Upon Hearing a Conversation Spiced with Hope

It’s funny how shreds of the past come to mind in a new light now that I am allowing myself to recognize the central place the question of planet’s future has in my life. On Saturday while I was making dinner I listened to a Speaking of Faith episode called “Discovering Where We Live: Reimagining Environmentalism.” At the time, I gave it as much mind as I could as I tried to wrap my head around making spaghetti alla carbonara (both because it was one of my husband’s favorite dishes and I wanted to make it perfect, and because I was frying pork and readying myself to eat it – me, vegetarian who??).

The person whose accomplishments and experiences stick with me now is Majora Carter, a native of the of the South Bronx who returned to her neighborhood after studying art in college and, to her own surprise, ended up taking on the environmental issues that detracted the lifestyle of all those who lived in her part of the city. How could I have listened to this story just a few days ago and been largely unmoved? How could I be filled with anything other than stop-in-the-middle-of-the-kitchen-with-my-jaw-open awe when I heard about this unlikely shifter and creator of local culture and landscape? Now that I am staring at this problem as vast as the atmosphere of the earth and all of the oceans combined, I am desperate to find proof that we can make some of difference. It seems that I have more shining examples than I have the ability to recognize. I just may be time to open my ears and eyes wider so I can recognize the radiant hope that humanity still has the power to generate.

Check it out at: http://speakingoffaith.publicradio.org/programs/discoveringwherewelive/index.shtml

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The Degree To Which We Feel the Chill

Jan 1 snow

A quick trip to the mailbox in the moments between moving from a toasty car to an almost cozy house gave me a few moments under the stars tonight. Our neighbors’ woodsmoke hung heavily in the air and the snow squeaked under my feet as it does when the temperature threatens to linger at zero. Even here on the fringes of the “country” a great stretch of the sky from the horizon to Orion’s edge (perhaps his elbow?) was shaded pink with the lights of the nearby town, but still the constellations stretched with such glory across the top of the world, all at once chilled dignity and ecstatic brilliance.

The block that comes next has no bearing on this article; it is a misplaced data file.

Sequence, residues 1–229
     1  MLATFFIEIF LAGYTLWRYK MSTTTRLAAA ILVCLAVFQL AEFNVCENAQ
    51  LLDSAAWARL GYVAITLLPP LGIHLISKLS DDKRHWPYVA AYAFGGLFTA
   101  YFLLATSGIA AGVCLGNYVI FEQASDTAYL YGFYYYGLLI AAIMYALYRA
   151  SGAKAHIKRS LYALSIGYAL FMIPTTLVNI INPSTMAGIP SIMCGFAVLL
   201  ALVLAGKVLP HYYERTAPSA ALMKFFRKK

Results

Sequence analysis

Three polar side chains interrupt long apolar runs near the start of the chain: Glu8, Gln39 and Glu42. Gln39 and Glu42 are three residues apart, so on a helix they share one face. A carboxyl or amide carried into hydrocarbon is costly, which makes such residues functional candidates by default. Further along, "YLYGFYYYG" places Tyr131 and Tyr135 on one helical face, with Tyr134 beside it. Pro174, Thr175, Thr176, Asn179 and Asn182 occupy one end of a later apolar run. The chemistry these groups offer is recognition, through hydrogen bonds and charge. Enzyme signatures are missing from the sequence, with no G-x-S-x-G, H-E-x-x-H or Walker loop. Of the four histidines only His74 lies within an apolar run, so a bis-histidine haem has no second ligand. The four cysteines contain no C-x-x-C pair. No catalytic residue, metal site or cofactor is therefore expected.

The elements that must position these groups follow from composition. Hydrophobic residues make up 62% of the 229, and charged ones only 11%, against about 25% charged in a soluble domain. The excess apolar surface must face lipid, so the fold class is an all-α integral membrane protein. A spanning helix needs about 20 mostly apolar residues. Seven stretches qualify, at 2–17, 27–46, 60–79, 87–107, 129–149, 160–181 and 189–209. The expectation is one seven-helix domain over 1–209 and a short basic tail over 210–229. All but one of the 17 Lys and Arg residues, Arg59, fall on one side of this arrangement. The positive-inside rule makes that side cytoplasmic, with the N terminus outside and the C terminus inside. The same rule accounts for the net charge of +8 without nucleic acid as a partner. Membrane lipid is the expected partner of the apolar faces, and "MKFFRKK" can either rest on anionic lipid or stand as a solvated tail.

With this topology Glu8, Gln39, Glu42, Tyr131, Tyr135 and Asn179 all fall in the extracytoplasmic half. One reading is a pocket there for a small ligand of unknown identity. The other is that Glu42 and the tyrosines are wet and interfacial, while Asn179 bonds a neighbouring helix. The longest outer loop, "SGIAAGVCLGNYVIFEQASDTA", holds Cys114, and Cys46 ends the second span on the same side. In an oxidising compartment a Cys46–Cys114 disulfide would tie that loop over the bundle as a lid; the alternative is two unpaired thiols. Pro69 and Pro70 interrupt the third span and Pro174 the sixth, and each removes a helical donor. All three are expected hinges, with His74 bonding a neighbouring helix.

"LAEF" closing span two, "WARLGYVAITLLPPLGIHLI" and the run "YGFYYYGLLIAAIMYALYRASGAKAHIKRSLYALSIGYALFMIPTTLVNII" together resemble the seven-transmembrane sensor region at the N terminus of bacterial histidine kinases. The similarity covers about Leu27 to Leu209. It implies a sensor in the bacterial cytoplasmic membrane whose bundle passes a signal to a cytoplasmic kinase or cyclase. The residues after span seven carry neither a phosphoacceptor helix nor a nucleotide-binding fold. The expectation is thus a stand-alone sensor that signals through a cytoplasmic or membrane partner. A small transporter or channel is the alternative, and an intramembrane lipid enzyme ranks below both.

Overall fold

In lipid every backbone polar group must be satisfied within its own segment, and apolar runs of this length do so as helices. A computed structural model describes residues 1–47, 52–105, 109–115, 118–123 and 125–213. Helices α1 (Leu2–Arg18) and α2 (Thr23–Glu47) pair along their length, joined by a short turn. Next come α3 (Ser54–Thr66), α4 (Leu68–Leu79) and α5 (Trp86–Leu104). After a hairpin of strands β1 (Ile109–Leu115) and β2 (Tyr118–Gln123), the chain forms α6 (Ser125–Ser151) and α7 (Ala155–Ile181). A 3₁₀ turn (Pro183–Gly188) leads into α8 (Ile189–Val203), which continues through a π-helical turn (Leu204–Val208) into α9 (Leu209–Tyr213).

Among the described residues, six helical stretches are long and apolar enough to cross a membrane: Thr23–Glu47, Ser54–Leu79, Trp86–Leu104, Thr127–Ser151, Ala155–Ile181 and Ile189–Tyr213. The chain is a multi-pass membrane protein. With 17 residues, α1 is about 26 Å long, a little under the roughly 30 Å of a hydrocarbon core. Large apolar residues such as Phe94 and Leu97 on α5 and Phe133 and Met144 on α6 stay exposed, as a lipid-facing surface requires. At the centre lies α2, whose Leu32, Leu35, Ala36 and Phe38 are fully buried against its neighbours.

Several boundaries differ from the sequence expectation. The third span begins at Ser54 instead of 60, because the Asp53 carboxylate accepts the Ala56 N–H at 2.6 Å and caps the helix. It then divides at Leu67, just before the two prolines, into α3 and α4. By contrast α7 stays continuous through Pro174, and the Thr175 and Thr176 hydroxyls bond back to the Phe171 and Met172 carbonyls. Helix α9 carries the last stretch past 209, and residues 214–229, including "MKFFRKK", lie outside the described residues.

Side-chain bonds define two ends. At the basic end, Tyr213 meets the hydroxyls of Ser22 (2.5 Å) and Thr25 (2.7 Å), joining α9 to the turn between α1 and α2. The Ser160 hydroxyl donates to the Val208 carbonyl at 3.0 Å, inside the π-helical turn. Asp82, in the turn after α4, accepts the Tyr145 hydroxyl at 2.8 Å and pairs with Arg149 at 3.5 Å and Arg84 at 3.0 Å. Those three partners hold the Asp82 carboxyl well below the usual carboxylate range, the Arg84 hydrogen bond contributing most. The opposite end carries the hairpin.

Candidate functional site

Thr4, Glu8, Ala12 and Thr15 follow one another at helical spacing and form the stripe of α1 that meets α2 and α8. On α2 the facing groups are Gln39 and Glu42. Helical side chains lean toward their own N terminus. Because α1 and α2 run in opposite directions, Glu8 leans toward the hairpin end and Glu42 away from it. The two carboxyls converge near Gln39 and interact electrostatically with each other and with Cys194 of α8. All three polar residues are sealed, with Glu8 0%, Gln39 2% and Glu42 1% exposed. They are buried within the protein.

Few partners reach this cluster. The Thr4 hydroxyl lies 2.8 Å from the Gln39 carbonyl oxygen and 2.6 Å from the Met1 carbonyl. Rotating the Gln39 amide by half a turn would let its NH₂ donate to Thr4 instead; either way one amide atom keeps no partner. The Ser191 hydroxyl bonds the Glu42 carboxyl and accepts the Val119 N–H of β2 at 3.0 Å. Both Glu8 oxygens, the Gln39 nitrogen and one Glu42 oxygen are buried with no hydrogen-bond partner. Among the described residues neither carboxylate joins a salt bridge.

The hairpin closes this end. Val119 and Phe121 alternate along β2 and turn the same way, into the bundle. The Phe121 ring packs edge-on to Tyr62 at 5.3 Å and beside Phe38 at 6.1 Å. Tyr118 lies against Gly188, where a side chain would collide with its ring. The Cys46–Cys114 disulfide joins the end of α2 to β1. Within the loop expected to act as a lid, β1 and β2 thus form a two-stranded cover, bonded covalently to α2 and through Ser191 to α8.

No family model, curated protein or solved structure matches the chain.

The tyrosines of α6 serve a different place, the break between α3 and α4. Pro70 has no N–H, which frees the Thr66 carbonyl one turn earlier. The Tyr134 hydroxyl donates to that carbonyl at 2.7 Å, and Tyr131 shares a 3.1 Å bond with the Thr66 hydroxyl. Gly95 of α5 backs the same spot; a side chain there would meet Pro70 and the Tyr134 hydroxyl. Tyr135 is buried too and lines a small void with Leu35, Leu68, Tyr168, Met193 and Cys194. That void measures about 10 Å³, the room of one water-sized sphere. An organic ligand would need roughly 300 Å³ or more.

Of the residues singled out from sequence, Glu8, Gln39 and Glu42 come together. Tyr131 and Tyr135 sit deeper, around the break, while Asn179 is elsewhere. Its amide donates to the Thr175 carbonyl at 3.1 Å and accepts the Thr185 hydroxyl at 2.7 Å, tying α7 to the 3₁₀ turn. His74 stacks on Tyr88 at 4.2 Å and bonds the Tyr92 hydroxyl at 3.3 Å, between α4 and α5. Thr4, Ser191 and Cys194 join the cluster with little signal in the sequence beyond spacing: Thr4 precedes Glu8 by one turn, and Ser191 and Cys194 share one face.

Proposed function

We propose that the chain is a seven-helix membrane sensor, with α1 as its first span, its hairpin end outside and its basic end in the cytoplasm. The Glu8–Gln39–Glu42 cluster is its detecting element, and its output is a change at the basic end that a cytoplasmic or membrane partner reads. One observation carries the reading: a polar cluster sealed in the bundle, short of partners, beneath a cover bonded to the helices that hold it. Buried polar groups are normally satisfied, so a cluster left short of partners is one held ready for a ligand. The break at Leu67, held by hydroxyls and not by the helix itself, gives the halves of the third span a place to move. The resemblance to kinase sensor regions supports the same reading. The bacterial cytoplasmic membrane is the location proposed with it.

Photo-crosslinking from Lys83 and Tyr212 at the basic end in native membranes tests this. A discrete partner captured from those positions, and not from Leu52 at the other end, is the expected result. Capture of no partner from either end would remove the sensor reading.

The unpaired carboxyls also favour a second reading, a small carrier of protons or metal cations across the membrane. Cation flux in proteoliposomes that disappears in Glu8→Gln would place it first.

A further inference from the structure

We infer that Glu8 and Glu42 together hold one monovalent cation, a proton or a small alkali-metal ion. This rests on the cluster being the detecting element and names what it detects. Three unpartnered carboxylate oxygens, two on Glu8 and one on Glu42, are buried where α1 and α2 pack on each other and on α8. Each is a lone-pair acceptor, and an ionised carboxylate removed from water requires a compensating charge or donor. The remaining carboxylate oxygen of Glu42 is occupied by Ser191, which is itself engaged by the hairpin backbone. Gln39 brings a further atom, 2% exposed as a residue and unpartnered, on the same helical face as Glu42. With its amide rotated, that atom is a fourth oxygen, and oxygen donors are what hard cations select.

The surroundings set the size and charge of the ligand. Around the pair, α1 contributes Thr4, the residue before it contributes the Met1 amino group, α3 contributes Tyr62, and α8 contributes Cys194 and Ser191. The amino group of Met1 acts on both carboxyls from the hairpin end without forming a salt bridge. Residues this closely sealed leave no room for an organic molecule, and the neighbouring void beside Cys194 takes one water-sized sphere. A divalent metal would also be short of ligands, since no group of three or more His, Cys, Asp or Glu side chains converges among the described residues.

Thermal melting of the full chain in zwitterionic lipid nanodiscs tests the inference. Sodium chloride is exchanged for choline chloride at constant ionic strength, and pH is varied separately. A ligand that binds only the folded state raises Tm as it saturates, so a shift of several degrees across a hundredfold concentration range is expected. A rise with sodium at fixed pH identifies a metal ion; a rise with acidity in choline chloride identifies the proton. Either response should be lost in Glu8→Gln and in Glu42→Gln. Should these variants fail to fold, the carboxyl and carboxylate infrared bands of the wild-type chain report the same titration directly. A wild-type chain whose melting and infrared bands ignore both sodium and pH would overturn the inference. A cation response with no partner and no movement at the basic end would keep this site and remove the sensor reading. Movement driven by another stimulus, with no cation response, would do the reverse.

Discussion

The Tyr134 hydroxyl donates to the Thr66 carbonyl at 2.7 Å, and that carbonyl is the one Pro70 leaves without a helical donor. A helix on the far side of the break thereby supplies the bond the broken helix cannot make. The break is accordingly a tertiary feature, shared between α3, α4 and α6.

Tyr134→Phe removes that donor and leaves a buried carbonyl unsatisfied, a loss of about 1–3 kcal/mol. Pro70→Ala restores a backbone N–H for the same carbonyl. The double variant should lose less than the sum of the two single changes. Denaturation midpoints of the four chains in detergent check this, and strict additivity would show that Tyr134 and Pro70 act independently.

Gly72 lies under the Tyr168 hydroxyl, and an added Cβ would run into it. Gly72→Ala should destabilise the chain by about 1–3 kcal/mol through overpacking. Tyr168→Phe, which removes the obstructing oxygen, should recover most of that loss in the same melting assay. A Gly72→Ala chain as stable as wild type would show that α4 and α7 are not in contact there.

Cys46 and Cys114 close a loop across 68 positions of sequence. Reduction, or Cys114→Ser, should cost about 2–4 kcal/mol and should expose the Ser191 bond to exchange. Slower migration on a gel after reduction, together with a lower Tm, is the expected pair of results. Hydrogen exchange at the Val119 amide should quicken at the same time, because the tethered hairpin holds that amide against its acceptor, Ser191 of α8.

This was the end of the sort of day that almost everyone complained about. It was cold, truly cold, and though the sun shone brightly, it was difficult to find the place between suffering from the frigid air and sweating under the layers of woolen compensation once you made it inside. During the drive home, I was listening to NPR as usual and heard a piece in the “You Must Read This” series. The contributer was talking about the solace she found in reading Chekhov in Syracuse, New York while she was a teenager. I don’t have much affection for Chekhov, particularly, but we don’t live all that far from there and certainly I understood her talk of the cold. What hit my artistic sensibilities (and my general refusal to use two words when twelve might have the particular lilt I am hoping for) was her description of the climate: “Some years it got so cold it felt like someone was trying to kill us.” Clunk.

Alright, so I might have said that differently (the way the cold seemed to bent on exchanging our bones for icicles or something, but I’m not working with a three minute time limit and well, no one has asked me to broadcast my opinion of books on National Public Radio), but her word choice really just got my attention about what seems to be a broader (and less nit picky) issue.Jan 1 snow

To personify the cold as an agent trying to kill you is to plant yourself (and your city) smack at the center of the universe. It is to take the movement of atmospheric currents and the tilt of the sun personally. Somehow, that just seems a massive waste of energy (the question of climate change aside in this situation, of course). What sort of state do open ourselves to if the weather becomes such an adversary even as we sit comfortably behind the windowpane, teacup in hand? Are we so mentally and spiritually fragile that the cold can penetrate places a parka cannot protect us from?

As soon as I say this, I realize that a week ago I was dissecting the way the darkening days leading to the Solstice set me to contemplate death. Though I did not suggest that the absent sun was in on an assassination plot, I certainly offered my fate to be influenced by waning daylight and other unearthly agents.

Perhaps I am not exactly certain what I am trying to say here, beyond attempting to call for a balance between recognizing that we are creatures constantly affected by our natural world and getting tangled up in blaming nature for its crusade against our personal comfort. How do we understand ourselves to be inextricably bound to the web of all creation and yet maintain a centeredness that means we are not thrown off balance every time the wind blows?

The only answer I can begin to offer is to practice acceptance, to be present to the world around us yet know that we bear stillness within. Since my topic here is winter, maybe I do not drag the metaphor to far to think of the castle that stands firm even after one shakes the snow globe – one steady force amidst a shower of white?